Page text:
Issue 48: Great Lakes Kite Festival

I think that 2003 was the first year my family and I went to the Great Lakes Kite Festival and we have tried to make it back every year since. Now in it’s 17th year, the festival is sponsored by Mackinaw Kites & Toys and is to benefit The Children’s Leukemia Foundation. It takes place the weekend before Memorial Day in Grand Haven State Park, a beautiful beach on Lake Michigan. The actual town of Grand Haven is a nice bonus for those that have family members that aren’t interested in flying on the beach all day. Its shops, cafés and restaurants will keep those family members occupied and if you are lucky, they will stop in the kite store to pick up something for you.

The festival began on Friday afternoon but due to school, work and driving time, we couldn’t get to Grand Haven until early Friday evening. After a nice Italian dinner in town, we headed to the beach to see who was still flying. The sky was clear and there was a nice breeze. A few people were flying stunt kites and a few single line kites up. I thought it was a little cool out but after talking to a few friends that had been there all day, I found out that it was an improvement over earlier. From what I was told, it had been overcast and blowing hard all day. This made me feel a little better about missing the days flying. While I was tempted to go to the indoor demonstration, I was just too beat. So from the beach, we headed to the hotel and bed.

While I fly stunt kites a bit, I am mainly a single line kite builder and flyer. For me, one of the biggest draws of the festival is the chance to fly in steady winds, (when the wind is coming from the lake that is.) Living in the Midwest, (Indianapolis,) I usually fly in gusty, shifting winds. It is a real treat to be able to anchor a kite and have it stay there for hours on end. Saturday morning was no disappointment. After a goods night rest, I was on the beach by 10:00 to stake out some territory. I know from experience that it is best to get to the beach early to get a beach side parking spot. I tend to take lots of stuff and any step saved is appreciated.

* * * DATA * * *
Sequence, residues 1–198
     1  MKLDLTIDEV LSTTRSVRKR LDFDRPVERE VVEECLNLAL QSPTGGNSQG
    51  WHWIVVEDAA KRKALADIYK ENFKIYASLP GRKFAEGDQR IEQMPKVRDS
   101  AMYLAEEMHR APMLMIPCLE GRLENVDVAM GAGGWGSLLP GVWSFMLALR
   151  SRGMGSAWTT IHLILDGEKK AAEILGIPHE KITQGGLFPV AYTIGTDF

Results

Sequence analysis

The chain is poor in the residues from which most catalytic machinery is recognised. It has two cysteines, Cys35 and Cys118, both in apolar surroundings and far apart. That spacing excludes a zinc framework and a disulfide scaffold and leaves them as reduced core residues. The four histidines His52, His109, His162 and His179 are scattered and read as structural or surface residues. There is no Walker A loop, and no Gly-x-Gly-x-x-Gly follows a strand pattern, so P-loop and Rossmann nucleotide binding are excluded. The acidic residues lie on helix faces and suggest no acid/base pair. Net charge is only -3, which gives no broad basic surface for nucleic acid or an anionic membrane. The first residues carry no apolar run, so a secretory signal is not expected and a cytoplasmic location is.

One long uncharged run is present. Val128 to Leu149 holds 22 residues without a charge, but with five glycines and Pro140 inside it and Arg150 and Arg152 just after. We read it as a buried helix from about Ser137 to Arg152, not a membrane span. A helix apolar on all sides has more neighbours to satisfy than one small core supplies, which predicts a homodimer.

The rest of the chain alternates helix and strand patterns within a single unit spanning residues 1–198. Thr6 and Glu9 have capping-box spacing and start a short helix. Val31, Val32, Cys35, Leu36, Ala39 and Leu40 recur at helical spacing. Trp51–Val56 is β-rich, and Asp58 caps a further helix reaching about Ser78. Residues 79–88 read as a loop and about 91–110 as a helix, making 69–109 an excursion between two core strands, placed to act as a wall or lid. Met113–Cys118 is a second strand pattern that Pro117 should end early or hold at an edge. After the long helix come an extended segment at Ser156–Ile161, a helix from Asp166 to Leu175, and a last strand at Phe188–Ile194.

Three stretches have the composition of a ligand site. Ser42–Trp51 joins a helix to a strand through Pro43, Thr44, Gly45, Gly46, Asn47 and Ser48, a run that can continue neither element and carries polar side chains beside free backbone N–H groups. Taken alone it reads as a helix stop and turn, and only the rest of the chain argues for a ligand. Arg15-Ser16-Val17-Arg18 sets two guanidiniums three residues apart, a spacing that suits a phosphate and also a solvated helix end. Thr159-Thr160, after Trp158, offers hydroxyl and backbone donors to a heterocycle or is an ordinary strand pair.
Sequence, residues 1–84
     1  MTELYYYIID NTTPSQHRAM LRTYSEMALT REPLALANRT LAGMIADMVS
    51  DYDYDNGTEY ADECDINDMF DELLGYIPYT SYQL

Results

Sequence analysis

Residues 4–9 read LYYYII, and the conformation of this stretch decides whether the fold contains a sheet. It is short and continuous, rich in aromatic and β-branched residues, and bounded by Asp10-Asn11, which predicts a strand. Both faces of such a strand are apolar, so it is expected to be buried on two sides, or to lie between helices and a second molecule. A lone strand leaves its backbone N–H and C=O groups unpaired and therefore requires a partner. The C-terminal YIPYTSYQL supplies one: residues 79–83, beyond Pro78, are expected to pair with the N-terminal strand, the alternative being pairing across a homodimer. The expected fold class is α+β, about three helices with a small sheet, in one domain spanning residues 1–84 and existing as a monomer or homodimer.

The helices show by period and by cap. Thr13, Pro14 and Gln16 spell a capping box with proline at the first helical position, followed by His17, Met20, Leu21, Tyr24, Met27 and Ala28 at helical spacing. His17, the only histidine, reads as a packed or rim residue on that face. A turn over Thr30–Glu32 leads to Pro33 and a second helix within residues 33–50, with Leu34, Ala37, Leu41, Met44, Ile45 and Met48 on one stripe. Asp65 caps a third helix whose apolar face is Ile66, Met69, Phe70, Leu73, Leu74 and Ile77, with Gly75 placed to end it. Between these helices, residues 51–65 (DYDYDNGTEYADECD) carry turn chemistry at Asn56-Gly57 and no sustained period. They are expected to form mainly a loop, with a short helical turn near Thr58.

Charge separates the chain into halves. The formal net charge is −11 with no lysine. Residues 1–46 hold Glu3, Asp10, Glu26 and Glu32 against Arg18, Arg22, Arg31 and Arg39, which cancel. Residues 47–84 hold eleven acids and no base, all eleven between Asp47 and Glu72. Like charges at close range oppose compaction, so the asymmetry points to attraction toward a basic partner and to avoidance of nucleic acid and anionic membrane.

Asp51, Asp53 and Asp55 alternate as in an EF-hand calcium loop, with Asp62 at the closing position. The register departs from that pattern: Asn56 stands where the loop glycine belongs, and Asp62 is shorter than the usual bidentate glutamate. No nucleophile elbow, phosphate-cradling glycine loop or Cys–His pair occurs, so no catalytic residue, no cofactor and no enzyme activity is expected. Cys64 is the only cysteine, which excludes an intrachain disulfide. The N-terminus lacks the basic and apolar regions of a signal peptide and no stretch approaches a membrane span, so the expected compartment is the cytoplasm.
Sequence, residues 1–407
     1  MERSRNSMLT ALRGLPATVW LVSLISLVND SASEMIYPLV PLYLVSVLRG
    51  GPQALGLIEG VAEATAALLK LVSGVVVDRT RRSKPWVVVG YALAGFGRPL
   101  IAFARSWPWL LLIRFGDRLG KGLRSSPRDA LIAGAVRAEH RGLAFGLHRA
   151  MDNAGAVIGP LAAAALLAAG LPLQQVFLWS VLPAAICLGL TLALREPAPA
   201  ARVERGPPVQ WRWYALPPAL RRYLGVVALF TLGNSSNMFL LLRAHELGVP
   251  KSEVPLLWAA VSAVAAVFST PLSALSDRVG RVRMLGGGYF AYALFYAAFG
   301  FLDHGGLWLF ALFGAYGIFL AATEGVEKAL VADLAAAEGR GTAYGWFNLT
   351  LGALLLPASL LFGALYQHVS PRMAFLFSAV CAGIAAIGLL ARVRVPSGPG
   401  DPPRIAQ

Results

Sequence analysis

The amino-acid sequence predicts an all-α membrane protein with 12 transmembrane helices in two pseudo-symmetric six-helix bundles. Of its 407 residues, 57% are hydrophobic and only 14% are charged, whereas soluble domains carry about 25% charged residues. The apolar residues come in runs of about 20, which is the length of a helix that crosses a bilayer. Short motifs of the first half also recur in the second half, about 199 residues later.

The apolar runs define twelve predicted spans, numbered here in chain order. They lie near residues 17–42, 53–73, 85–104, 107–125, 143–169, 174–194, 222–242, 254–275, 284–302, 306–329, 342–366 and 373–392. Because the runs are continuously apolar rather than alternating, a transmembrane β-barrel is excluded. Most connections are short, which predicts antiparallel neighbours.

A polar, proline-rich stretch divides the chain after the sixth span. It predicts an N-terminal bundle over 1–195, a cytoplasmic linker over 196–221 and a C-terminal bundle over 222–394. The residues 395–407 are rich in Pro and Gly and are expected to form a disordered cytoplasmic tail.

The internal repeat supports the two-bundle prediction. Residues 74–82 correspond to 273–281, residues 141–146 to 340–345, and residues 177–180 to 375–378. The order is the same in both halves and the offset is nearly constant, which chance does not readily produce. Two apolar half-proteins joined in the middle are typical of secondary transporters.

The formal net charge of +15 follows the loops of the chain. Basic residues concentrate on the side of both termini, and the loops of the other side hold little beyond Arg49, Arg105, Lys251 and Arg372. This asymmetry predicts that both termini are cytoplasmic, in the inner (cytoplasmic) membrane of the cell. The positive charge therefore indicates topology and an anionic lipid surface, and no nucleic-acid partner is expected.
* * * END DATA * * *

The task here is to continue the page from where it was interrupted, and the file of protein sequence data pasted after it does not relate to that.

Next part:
The sky was clear, the sun was shining and there was a nice steady 5mph breeze off of the lake from the southwest that gradually built during the day. While it would have been nice to have it a little warmer, I wasn’t going to complain. Except for a group of people participating in what I guess was a metal detector competition, the beach was fairly empty. I picked out my favorite spot and unloaded.

After I got my NPW5 set up for my wife to fly, I got busy setting up my ground bouncers and looked through my stack to pick which kite to put in the sky first. I could see other people down the beach starting to put kites up also. Further north, I could see the Windjammers’ distinctive kites flying on the Demo field. I was busy flying my own kites throughout the day, so I didn’t get the chance to spend much time by the Demo field. Every time I looked up there though, I always saw something happening. I recognized the kites of the Windjammers, Lam Hoac, Lee Sedgewick and Chicago Fire, among others, putting on a non-stop show for the public.

At the far north end of the beach, the big show kites slowly started to fill the sky. I knew that the Gombergs and Al Sparling were here and I recognized Darryl Water’s Gecko and his nicely appliquéd Jordan Airform 100. I could also pick out Jim VanDeVusse’s butterfly appliquéd flowform. I decided my end of the beach needed some presence too, so I put up my red gecko.

Pretty soon I saw my friend Chris Taylor and his girlfriend Rebecca, from Dayton, walking across the beach toward me. Rebecca had brought her mini Double Star along knowing that I wanted to get a close look at it. She put it in the air and it looked great. It spent most of the day tied to the top of my kids’ Teepee. Seeing how well the mini flew, Chris and I decided that it was time to get the full size versions out. He and I had flown our Double Stars together at several festivals but here on the beach we were able to set them up side by side, sit back and enjoy. They happily flew there for most of the afternoon. (Did I mention how much I love flying in the steady wind on the beach here?!) I happily spent the rest of the afternoon watching kids bounce off of my Spikey and deciding which kite from my pile to fly next.